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Clear the Mental Clutter with a Spring Cleanse, Part 2

 Photo by  Brooke Lark  on  Unsplash
Photo by Brooke Lark  on Unsplash

Spring has finally made a shy appearance at my home in Pennsylvania and I couldn’t be happier.  I am lucky enough to live on a 90 acre CSA Farm and when the first tender greens and radishes start rolling in my thoughts turn towards cleansing my body.  After a long, cold winter of heavy comfort foods my digestion craves a make-over.

I know that even a few improvements to my diet will revive body, mind and spirit.  

Any of you who know me, know that I’m all about taking a little extra time and attention to support better brain health.  Even if you are as sharp as a whip, doesn’t it make sense to take steps to keep everything upstairs in good working order?

In my first post on this series, I outlined the first step in a natural brain care cleanse: Balance.  That’s where we assess the role sugar takes in our cognitive health.  You can read that post here.

Now let’s take a look at Step Two in our Spring Cleanse: Repair.  

We don’t usually equate a healthy gut lining with happiness, but studies now indicate that a poor diet is a risk factor for depression and a persistent leaky gut can undermine clear thinking and give rise to brain fog.

Early signs of impaired brain function include digestive issues, such as chronic constipation, diarrhea, or difficulty swallowing. The brain communicates with the gut and vice-versa.  Healthy balance in our autonomic nervous system and pathways that run through our brainstem should result in a resting and digesting state 90% of the time.  This means that our nervous system should be predominantly focused on the massive task of breaking down and assimilating nutrients, rather than dealing with emergencies that require the body to shift its energy towards fight or flight and stress management.

Factors that impair healthy digestion and lead to a condition called leaky gut, include:

  1. Chronic inflammation, from injury such as head trauma, autoimmune disease or chronic infection.
  2. Imbalance and lack of diversity in the gut microflora.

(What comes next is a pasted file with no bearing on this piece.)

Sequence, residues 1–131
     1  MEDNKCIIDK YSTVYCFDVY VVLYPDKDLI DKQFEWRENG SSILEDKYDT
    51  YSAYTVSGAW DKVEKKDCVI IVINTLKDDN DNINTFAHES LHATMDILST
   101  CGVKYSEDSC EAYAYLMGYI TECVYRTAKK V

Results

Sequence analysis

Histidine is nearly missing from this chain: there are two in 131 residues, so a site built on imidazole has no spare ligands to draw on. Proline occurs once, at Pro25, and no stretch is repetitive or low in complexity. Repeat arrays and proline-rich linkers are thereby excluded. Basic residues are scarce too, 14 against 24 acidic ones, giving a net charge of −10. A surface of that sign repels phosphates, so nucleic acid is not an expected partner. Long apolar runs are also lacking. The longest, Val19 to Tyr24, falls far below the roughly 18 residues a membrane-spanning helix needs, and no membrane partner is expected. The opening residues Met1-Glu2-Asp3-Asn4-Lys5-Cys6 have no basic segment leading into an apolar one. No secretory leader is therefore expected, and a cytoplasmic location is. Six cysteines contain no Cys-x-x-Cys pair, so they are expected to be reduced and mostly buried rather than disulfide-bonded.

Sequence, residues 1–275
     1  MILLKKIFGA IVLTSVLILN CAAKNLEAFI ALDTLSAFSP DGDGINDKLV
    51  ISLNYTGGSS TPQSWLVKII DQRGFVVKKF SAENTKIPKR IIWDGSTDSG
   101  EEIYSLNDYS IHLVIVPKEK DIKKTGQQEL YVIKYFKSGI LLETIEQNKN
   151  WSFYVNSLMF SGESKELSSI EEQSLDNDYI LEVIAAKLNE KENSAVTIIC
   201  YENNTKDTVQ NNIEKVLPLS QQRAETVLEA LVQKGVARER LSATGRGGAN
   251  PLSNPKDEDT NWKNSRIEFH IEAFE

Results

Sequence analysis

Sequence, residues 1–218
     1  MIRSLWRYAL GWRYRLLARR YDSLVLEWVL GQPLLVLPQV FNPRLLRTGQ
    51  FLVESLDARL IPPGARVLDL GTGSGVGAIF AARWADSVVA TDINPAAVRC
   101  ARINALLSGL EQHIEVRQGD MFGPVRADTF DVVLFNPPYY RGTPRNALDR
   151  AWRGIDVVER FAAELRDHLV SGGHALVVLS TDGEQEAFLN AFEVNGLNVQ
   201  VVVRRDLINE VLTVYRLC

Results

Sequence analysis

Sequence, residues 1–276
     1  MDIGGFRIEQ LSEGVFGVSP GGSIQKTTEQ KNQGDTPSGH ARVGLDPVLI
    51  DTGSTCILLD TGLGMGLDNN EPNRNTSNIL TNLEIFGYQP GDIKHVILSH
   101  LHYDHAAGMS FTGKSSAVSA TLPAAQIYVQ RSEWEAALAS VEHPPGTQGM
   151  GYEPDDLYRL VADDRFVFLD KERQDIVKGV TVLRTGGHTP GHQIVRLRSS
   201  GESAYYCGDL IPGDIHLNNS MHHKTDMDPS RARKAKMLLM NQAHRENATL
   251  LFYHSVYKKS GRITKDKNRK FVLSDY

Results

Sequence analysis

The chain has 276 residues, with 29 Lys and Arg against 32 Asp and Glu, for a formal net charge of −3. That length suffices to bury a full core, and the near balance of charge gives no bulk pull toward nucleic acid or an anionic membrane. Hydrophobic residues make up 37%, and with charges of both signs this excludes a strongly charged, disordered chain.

3. Repeat doses of antibiotics.
  4. Anti-inflammatory meds such as NSAIDs or steroids such as prednisone.
  5. Chronic stress.
  6. Hormonal imbalance which can raise inflammatory chemicals such as cytokines and prostaglandins. 
  7. Over-exposure to gluten.

Gluten, along with the first six factors listed above, is now known to interfere with the integrity of the gut lining. Studies have shown that disruption to the tight junctions, the proteins that hold the intestinal cells together, occurs after eating gluten even in people who are not celiac or gluten sensitive. In other words, gluten increases everybody’s intestinal permeability, so that intestinal bacteria, pathogens and partially digested food is more likely to cross the bloodstream and create inflammation.  Chronic, low grade inflammation affects the brain giving rise to foggy thinking and sluggish memory. 

For some people, adhering to a gluten-free diet can revitalize energy and healthier cognition.  For anyone taking a break from gluten periodically can be a gentle way to reduce inflammation and boost intestinal repair.  

Did you miss Part 1 of this series? Read it here and download Clear the Mental Clutter with an Easy Spring Cleanse. 

Ready to get started with your own personal cleanse? Download Clear the Mental Clutter, a free guide to the first steps you can take to better brain health! 

Join our private Facebook support group, Clear the Mental Clutter to build a community of people supporting each other in this process. 



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